Tis the season for primaries, and since Evangelicals seem rather involved, I thought I would provide a voters guide, in regard to the kind of person one should vote for, based on the traits used to describe a follower of Christ in the Sermon on the Mount and in places like Rom. 12-13. I’m not interested in favoring one party or other, because the platform of neither is very Christian.
1) if the candidate regularly lies or deliberately exaggerates just to get attention and for rhetorical effect, then he or she should not be supported by anyone who pledges allegiance to Christ who is the Truth, and does not put up with prevaricators. There’s already too much truth decay in our country.
2) if the candidate is totally inconsistent in his or her life ethic, that person should not be supported. By this I mean they should be totally pro life…opposing not only abortion except in cases where the life of the mother is truly threatened, but also opposing capital punishment except in extreme cases ( e.g serial killers, mass murdering terrorists etc.), and absolutely opposing war as a go to solution to solve our problems. It should be a very last resort, as violence only begets violence. The same life ethic should lead to strong opposition to the proliferation of guns, especially military hard wear capable of being used for rapid killing of many persons. No one needs an ak 47 for hunting or personal protection. Being pro life also means stricter background checks not merely on immigrants entering the country, but also on those wanting to buy guns in the country. More guns in civilian hands will not make us any safer. On the contrary it will lead to more atrocities and accidental deaths. Stricter gun control in Australia and in Scotland reduced gun violence in those countries. It would help here as well. Ask your local police chief if you doubt it. It is the height of insanity to suggest that as more and more people are mentally disturbed in our land, we need more guns regularly available.
3) no candidate who whips up xenophobia or plays on people’s fears of foreigners and others who are not like them should be supported. What part of love your neighbor and love your enemy don’t you understand? Christians in any case should make decisions not on the basis of anger or fear but on the basis of faith.
4) no candidate should be supported who is the opposite in character of what Christ calls for….namely humble, courteous, kind, gentle, forgiving, even loving, self sacrificial, not an ego maniac or blowhard promoting him or herself. You get the picture.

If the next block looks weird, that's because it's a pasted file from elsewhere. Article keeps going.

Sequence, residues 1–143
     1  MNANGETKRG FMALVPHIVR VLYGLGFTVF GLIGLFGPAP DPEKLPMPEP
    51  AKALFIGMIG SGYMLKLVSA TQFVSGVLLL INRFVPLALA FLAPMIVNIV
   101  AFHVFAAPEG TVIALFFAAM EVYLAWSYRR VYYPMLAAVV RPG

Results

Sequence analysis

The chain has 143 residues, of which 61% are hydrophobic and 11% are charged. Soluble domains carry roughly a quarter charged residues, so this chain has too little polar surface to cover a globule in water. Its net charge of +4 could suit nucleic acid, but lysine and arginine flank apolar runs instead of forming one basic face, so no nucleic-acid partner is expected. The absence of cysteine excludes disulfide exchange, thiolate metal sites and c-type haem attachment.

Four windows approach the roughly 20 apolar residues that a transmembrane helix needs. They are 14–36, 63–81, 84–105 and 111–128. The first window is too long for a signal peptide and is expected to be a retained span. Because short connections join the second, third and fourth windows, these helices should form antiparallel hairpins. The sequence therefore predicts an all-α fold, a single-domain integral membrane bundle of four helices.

5). No candidate should be supported that ignores or promotes the abuse of the poor, in favor of enhancing the riches of the richest 2% of all Americans. No more tax breaks for the rich, for Agrabusiness, for major companies who hide their assets in off shore banks, for companies that pollute our air, foul our streams, blow up our mountains, and basically destroy the health of their employees.
6) no candidate should be supported who refuses to work with others with whom they disagree in order to work out compromises. Politics is the art of compromise, not my way or the highway approaches. This is what has produced gridlock in Washington.
7) no candidate should be supported who supports a business model that continually ships blue collar jobs overseas just for the sake of more profits for the rich. We have lost major industries like the making of textiles and furniture all because of our lust for cheap goods. We need to repent of all that, and be willing to pay for American made products that keep Americans working.
There is so much more I could say, but hopefully this will prompt some thought and prayer about what sort of criteria we should use to evaluate candidates for high office, using Christian ethical standards to do so. You may well say to me “on that criteria, I’ve got no one to vote for.” That may well be so if you take an all or nothing approach. The better approach is to say— ‘which person least offends against these Christian criteria. Which one seems most apt to live by the Christian ethic in the Sermon on the Mount and Rom. 12-13’ Think on these things.